Selecting the right amount of hair dye for thick hair can be difficult because you might not really know if your hair is that thick or not.
Thick hair on short hair is very deceptive as you might end up buying only a 2oz hair dye bottle and realize it’s not at all enough to cover your thick locks.
Also, thick hair strands do not let dye pigments penetrate them too easily. So you might require more hair dye to get the right shade of color as well.
If you have thick hair but have a short hairstyle, take 2.5oz or 3 oz of hair dye just to be careful.
For Medium Thick Hair
But most hair dyes are created keeping this average hair thickness in mind.
If your hair is of medium thickness, you can go ahead and buy the ounces of hair dye suggested for your hair length. No modifications necessary!
For Fine, Thin Hair
Fine and thin hair can easily absorb hair dye pigments. So you don’t need to worry about using a lot of dye to cover this hair type.
Also, fine hair tends to be fragile and can actually endure damage due to the coloring process.
So it’s best to reduce the amount of hair dye you’re using, especially if the hair dye contains peroxide or ammonia.
If you have short fine hair just a small box of 2oz hair dye would be sufficient.
FAQs – How many ounces of hair dye do you need
What happens if you run out of hair dye in the middle of coloring your hair?
If you do not calculate exactly how many ounces of hair dye you need, you can end up in a lot of trouble.
For starters, your hair can end up in two different colors. One, the color of the hair dye, and the other your natural or base hair color.
To rectify this mistake, you’ll need to dye your hair all over again. And dyeing a part of your hair twice means subjecting it to a lot of damage.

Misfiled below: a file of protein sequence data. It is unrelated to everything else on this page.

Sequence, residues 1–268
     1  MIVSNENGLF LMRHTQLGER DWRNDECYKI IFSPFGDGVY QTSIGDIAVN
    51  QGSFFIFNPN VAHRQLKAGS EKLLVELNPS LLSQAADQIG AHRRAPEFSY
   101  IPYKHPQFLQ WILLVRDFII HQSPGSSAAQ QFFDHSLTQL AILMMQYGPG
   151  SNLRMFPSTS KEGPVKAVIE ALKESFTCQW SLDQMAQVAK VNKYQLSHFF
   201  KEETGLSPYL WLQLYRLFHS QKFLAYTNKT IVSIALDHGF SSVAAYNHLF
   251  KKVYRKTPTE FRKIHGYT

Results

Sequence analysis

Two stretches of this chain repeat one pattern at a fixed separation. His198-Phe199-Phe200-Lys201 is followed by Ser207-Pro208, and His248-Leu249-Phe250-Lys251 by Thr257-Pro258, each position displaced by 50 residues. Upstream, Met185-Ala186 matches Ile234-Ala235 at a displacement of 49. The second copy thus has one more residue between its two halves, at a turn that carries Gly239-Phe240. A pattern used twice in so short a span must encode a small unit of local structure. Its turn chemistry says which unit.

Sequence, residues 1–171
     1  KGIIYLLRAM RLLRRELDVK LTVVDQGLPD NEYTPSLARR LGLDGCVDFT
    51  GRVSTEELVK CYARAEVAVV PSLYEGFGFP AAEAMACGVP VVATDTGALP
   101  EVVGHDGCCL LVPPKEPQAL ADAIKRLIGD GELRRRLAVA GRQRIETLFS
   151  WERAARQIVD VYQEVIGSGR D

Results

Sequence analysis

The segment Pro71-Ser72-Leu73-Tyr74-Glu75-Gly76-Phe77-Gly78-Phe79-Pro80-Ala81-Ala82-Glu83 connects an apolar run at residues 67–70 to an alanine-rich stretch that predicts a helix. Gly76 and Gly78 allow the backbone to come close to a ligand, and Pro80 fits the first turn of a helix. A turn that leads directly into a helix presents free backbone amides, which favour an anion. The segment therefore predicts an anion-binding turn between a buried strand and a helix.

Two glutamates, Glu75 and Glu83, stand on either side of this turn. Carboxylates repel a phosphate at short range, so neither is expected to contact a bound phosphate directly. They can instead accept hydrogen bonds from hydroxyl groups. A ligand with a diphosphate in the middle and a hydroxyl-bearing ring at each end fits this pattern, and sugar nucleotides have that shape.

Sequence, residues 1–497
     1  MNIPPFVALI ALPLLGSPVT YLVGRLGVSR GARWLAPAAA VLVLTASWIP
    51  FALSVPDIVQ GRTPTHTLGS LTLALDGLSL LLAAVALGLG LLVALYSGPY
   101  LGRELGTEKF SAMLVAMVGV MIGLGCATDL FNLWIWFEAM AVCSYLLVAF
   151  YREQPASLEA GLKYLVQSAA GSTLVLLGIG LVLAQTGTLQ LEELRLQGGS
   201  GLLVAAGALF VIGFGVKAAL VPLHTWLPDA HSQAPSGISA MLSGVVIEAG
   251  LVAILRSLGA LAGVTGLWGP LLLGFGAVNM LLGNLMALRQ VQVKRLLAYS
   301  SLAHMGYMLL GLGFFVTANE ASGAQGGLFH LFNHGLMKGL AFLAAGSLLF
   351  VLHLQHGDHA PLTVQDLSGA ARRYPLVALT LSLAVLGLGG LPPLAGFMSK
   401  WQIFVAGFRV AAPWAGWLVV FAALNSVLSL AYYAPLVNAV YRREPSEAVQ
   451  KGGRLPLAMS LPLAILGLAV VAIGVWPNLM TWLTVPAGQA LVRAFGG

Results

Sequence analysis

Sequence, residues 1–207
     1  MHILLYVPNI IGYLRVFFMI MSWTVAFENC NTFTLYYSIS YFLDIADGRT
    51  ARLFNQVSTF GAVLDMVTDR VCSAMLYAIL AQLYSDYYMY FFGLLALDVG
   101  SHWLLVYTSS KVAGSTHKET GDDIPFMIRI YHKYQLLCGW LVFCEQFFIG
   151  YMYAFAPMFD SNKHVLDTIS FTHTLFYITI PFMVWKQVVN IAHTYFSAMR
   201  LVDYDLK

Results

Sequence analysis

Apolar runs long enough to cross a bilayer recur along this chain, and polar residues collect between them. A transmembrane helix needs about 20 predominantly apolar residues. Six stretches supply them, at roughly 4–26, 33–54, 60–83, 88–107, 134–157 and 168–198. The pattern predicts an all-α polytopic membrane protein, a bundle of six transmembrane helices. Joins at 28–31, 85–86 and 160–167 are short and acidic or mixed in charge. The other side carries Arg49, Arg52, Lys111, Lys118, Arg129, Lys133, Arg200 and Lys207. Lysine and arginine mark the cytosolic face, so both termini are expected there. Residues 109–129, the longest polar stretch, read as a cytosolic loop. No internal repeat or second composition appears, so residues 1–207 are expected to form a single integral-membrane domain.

This damage can be severe if you’re using hair dyes with ammonia or hydrogen peroxide in them.
Another problem that you can face if you’re running out of hair dye is the appearance of a distinct line.
Even if you wash your hair dye off within 5-10 minutes and head out to buy another box, the dye starts working its way to your hair.
So a couple of sections of your tresses might be a more intense shade of the color you’re applying as the hair dye has already penetrated the strands.
If you apply the new boxes of hair dye evenly then you might have a chance of covering it up.
But if you make a mistake, your hair can show a distinct line that separates the darker and lighter shades.
How much developer do I use for 2 oz of hair color?
Unless you’re trying to lift the shades of your hair (lighten the color of your hair considerably) then the suggested ratio of color to the developer is always 1:2.
That is you’ll need to add 2 parts of the developer to one part of hair color.
So if you’ve got 2oz of hair dye, you’ll need to add 4oz of the developer to it.
What happens if you put too much developer in hair dye?
If you put too much developer in your hair dye mixture, it makes the consistency of the dye too runny and liquidy.
This will make it difficult for the dye to stay on your tresses and cause it to drip down your head.
Also, the excess developer can help lighten your base color, but as there’s not enough dye your hair strands won’t take on color pigments well.
I hope my article helped you in finding out exactly how many ounces of hair dye you need for your tresses.
The information given here can vary according to the type of hair color you use, you’re previous applications, etc.
For example, if you want to add a few highlights to your hair, you might not require a lot of hair dye even if your tresses are very long.
Also, you might need a lot of dye to cover your hair if it’s short but very thick. So there are many factors to consider when choosing the amount of hair dye.
Leah LOVES hair. So much so, she dedicated an entire website to it! One of the founders of Hair Everyday and Chief Editor, Leah enjoys reviewing all the hair products and showcasing the best. She believes her most underrated articles are her hair care tips!